Small Actions with Huge Payoffs
Having lived and worked in Fredericksburg a majority of my life, I have had the privilege of watching this town for decades. In my years working up and down Caroline Street, I have seen it garlanded in a show of pretty-looking yet disgusting Bradford Pear Trees and have watched in delight as they have almost all been removed and replaced with more appropriate and even more beautiful native trees. I have meandered by the lawns and lots, both lush with life and crowded with “weeds”. I have seen the impact one idea can have on our people and our ecosystem. With that in mind, and in honor of Earth Day and Arbor Day happening this month, I am making a call to small action.
As of right now, Fredericksburg still has citizens from a large variety of socio-economic backgrounds. You can find our people dwelling in everything from mansions to efficiency apartments. No matter where each of us fall in that spectrum, I believe there are small actions we can take to support our ecosystem.
One of the conditions of living in the city is that very few of us have large yards, if any yard at all. Those of us who do have yards, no matter the size, can make quite the impact by taking a close look at what we have growing in them. Many popular landscaping plants can actually grow invasively and cause a lot of harm. For example, nandina is a very popular plant in this area despite the fact it does not support our native wildlife and can go so far as to actually poison our feathered friends. English ivy is another plant plastered all over our historic city that has been labeled as being highly invasive and, as you can see on any stroll, will eagerly take over large areas, choking out other plants and eradicating biodiversity. Even our non-invasive yet non-native plants such as the boxwood (yeah, I said it) can take up a lot of space without providing habitat and food for our native wildlife. And while in my perfect world, reading these words would make everyone jump up and immediately eradicate all non-native plants in their yard to be replaced by useful and stunning native plants, I understand that is not feasible. My realistic hope is that those of us privileged to have a yard in this city, familiarize ourselves with what we have growing in our yards and start making plans to slowly replace any invasive species with native plants. Adding even one native plant to your yard is a small thing to do but the ripples started by that small action will radiate out to create large impacts on our wildlife.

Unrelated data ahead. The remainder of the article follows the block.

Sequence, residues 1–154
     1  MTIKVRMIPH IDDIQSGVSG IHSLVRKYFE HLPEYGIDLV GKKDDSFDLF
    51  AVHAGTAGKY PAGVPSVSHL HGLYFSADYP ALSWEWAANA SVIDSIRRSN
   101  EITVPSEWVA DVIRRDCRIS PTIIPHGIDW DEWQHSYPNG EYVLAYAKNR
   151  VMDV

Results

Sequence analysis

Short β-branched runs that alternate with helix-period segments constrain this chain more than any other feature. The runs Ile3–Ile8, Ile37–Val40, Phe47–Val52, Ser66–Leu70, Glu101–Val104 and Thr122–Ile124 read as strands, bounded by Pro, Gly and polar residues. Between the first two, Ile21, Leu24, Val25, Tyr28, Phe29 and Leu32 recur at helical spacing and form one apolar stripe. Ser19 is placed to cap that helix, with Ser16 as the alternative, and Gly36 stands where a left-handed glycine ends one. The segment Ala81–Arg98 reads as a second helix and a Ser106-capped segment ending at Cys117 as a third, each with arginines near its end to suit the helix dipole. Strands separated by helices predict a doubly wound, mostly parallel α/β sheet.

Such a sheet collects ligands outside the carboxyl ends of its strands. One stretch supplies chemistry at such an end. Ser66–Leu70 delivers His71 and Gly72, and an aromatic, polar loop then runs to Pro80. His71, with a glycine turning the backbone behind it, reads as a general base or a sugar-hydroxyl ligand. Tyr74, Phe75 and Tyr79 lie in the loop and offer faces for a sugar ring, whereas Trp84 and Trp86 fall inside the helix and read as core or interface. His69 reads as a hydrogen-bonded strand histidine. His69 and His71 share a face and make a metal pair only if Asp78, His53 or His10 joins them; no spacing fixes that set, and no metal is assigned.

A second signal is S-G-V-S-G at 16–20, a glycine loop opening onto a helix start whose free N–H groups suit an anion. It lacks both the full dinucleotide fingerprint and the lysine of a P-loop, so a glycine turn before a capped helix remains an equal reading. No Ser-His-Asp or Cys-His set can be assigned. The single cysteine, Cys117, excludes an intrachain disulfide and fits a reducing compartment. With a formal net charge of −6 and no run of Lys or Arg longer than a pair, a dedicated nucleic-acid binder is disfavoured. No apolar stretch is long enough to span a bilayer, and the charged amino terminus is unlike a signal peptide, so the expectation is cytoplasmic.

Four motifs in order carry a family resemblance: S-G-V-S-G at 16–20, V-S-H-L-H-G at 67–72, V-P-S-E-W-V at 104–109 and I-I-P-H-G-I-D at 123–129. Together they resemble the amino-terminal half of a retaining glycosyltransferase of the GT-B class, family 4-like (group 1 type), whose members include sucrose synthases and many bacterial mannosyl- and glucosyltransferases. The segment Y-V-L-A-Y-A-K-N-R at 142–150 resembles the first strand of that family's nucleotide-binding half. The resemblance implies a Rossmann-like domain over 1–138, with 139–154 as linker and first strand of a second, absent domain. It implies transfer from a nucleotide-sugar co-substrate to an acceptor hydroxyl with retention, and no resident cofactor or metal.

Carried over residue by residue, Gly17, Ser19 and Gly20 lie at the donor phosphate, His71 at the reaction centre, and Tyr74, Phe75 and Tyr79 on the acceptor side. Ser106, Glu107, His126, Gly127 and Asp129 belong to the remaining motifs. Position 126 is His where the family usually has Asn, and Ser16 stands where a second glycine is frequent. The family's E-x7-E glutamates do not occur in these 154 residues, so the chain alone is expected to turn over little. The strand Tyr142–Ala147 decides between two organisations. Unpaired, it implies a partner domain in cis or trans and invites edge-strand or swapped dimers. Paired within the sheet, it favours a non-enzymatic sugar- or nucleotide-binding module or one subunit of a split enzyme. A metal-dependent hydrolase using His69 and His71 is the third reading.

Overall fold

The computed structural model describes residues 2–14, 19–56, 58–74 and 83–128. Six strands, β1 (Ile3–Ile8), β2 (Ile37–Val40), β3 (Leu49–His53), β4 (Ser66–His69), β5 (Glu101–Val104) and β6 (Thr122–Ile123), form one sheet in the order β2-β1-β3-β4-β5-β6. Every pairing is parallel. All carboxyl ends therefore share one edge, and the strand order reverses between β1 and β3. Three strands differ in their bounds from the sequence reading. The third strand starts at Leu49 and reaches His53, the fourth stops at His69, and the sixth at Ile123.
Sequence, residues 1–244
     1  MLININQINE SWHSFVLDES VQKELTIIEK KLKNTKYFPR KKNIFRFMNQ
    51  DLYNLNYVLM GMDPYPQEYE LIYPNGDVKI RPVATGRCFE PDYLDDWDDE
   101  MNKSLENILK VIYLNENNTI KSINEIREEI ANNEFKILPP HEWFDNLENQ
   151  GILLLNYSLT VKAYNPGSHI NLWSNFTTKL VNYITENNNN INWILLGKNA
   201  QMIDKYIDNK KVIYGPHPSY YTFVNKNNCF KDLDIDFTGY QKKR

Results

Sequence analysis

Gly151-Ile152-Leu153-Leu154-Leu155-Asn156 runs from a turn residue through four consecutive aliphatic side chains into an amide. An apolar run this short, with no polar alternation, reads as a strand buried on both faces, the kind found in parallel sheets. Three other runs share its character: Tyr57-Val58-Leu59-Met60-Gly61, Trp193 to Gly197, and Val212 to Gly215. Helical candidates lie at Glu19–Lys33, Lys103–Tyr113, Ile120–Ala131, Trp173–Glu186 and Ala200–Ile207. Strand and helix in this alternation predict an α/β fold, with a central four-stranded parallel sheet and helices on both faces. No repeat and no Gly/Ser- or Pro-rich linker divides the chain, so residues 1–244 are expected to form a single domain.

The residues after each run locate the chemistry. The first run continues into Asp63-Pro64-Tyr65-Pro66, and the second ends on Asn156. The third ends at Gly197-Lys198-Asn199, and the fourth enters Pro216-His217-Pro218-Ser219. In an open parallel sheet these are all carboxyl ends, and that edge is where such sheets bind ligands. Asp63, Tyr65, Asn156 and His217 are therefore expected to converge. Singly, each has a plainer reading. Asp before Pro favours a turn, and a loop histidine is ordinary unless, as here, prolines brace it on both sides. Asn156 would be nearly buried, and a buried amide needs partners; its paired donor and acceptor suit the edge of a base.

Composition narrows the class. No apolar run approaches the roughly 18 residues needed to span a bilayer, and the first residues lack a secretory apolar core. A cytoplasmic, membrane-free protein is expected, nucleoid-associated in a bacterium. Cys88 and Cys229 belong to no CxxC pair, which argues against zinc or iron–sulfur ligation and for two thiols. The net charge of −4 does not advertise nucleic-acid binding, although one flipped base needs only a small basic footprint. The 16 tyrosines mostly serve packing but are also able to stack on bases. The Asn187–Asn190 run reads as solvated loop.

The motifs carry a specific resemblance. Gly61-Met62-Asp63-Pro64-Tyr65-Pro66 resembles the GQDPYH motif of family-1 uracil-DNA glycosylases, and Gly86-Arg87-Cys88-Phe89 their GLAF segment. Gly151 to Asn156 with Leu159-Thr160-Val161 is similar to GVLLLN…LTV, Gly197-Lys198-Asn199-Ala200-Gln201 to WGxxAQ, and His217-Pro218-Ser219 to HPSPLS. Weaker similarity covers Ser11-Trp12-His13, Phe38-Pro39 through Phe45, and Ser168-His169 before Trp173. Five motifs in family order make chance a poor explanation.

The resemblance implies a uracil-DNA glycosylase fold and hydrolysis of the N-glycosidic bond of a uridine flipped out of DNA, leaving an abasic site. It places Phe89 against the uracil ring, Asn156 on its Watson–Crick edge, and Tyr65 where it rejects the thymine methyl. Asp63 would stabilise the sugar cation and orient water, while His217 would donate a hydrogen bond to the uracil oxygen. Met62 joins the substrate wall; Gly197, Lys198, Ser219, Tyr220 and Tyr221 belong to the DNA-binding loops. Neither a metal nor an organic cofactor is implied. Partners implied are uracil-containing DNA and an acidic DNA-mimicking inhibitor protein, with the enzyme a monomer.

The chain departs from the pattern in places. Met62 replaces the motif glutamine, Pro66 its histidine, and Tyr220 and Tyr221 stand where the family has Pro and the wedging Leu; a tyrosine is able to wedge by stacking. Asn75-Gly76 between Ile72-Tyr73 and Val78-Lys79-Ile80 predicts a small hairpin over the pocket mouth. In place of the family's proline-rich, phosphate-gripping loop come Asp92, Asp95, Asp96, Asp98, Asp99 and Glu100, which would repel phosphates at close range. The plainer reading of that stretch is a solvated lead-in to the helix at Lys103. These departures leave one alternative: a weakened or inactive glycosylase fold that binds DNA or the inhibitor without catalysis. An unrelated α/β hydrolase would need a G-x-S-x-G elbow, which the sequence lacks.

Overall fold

But what about those of us without yards? Trust me, I can talk a big talk about what people should do with their outdoor areas but I have rarely ever had one for myself. So, aside from taking a page from my book and verbally dumping plant info on anybody that stands still long enough in my presence, what can we apartment dwellers do? I’m glad I’ve assumed you’ve asked! The most obvious idea is window planters. These tiny little boxes of soil can host amazing amounts of native annuals that will not only brighten your day but also the days of our native pollinators and birds. No good window for a box planter? No problem! For those of you with black thumbs, the keyboard is mightier than the sword! Contact our planning commission asking for invasive and harmful plants to be removed from the landscaping lists. Write our Virginia politicians to show support for the current bills proposing the banning of invasive plants being sold at plant stores and box stores alike. Have a couple of extra hours? Volunteer for local organizations that promote and protect our ecosystem such as Friends of the Rappahannock, Tree Fredericksburg, and Downtown Greens. Brother, can you spare a dime? Go online and make a donation that will support the work others are doing for the cause.
There are hundreds of small actions we, as a community, can take to support the health and beauty of our town and the human and non-human beings within. And much like the plants I won’t shut up about, each small action will grow and continue to support all the levels of our ecosystem.
Janet Douberly is a proud Fredericksburg citizen and currently Media Manager at Downtown Greens.
This article was published in the April 2023 edition of Front Porch Magazine. Use the button below to view full publication.